21 February: A disappointingly small group heard about two successful projects in which Franki had been involved. Firstly, Byron Field, Franki’s Trenchless Manager, all the way from Durban told us about conquering the fine sand, cobbles and boulders that needed to be tunnelled through in linking parts of the Paarl Bulk Sewer line under the N1 and Arboretum Road and along the N1 opposite Boschenmeer.
Other problems to be overcome were the high water table, multiple services and the proximity of Boschenmeer’s boundary wall, and later on the environmentally acceptable disposal of certain materials. Considered were re-routing of the line, opencast work, micro-tunnelling (horizontal drilling and then reaming out with jetting) and pipe-jacking. The first three were ruled out through policy decisions or impossibility in the materials encountered, and the pipe-jacking solution was only made possible through the innovative approach of Franki. To counteract the inrushing groundwater and collapsing sand and cobbles, they jetted a weak cement+additive down to the line of the tunnel, forming a series of contiguous columns of 1,8m to 2m diameter, which resulted in a weak conglomerate through which they could then jack in (almost) dry and stable conditions. Under the N1 the grouted columns had to be raked, leading to much “deeper” drilling, and a power line led to a low-height rig having to be used. They found some-one willing to accept the tailings coming out of their drilling/jetting operation and deal with it appropriately (actually using the weak con-crete)…. Top marks Franki. If you need this technology for your sand and boulders: Byron.firstname.lastname@example.org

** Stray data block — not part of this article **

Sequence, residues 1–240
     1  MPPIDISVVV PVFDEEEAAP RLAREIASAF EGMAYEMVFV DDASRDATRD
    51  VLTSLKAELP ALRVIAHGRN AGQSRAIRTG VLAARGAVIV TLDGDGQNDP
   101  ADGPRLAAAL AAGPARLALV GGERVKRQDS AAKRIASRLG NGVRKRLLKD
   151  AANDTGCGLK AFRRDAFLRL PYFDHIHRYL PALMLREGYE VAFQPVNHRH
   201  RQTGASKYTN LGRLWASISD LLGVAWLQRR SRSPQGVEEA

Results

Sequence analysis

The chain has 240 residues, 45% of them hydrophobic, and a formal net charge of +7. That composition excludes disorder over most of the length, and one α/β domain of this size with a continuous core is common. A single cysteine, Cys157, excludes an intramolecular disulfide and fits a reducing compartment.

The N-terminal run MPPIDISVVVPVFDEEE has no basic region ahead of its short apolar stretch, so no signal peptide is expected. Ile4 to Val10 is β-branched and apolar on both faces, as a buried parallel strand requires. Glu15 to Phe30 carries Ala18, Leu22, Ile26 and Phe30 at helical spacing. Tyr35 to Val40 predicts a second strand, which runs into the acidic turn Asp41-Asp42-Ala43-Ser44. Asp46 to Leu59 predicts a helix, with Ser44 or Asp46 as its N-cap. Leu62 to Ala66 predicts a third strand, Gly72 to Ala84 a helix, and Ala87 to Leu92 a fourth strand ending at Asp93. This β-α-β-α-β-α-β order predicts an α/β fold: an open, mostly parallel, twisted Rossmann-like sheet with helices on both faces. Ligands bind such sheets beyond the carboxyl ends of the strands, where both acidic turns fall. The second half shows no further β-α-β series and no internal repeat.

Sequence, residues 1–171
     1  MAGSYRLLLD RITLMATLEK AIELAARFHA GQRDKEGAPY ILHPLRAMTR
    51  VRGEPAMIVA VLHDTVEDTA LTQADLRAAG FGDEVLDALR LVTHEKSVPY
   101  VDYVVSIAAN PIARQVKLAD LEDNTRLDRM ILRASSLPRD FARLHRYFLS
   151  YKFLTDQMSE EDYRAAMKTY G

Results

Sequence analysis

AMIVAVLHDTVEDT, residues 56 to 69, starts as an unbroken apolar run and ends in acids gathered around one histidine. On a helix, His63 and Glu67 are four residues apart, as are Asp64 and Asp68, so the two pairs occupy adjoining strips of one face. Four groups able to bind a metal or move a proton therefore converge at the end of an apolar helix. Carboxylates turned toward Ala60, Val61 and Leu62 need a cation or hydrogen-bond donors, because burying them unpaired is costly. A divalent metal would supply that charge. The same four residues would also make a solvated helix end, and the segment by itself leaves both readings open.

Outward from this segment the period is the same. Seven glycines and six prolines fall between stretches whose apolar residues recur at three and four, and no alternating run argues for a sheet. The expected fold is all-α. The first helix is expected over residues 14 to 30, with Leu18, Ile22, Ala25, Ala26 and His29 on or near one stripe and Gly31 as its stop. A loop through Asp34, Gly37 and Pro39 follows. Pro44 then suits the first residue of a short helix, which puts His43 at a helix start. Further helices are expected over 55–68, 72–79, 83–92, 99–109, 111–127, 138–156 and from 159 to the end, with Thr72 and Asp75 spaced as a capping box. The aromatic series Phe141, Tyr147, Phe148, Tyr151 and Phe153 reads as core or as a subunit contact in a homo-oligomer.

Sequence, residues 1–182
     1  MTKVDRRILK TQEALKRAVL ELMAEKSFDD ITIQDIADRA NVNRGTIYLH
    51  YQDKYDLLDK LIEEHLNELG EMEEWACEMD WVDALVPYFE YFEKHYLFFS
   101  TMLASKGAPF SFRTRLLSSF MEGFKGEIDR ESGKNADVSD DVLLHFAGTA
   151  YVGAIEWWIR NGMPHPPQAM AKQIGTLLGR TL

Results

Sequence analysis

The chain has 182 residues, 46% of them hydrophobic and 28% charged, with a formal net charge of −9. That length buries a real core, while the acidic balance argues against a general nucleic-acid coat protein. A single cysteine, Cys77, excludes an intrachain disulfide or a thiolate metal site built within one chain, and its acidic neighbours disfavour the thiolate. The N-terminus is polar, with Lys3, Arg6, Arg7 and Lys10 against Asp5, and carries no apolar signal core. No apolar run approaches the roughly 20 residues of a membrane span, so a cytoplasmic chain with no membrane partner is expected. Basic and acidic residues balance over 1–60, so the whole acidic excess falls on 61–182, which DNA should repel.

Anton Stoll then told us of the dynamic compaction used to secure the foundations for a new tank farm for Burgan Cape Terminals in the Port of Cape Town. Complications included vibration-sensitive structures, masts, pipelines and the adjacent existing tank farm, whilst the 12m to 18m of fill in the quay on which the tanks were to stand consisted of almost anything. Piling and vibro-replacement were not suitable for spread loads and dynamic compaction was the answer. 15,5 tons dropped from 20m formed deep craters, followed by 12,6 tons from 15m in various shapes, with the top 500mm being roller compacted sounds simple, but with very tight tolerances (distortion 1:800 and 1:1200, the differential between the settlement of the centre and circumference of the tank a maximum of 50mm, and existing neighbouring tanks to not settle by more than 8mm set some challenges. A 3m deep battered vibration cut-off trench was installed. No adverse effects! Drill testing of compaction helped not at all, as they inevitably drilled to refusal, so plate load testing and “continuous surface wave” testing (adaptation of seismic exploration) were used. Franki would be happy to replicate their effort: email@example.com
See articles in “Civil Engineering” of April 2017 and November 2016.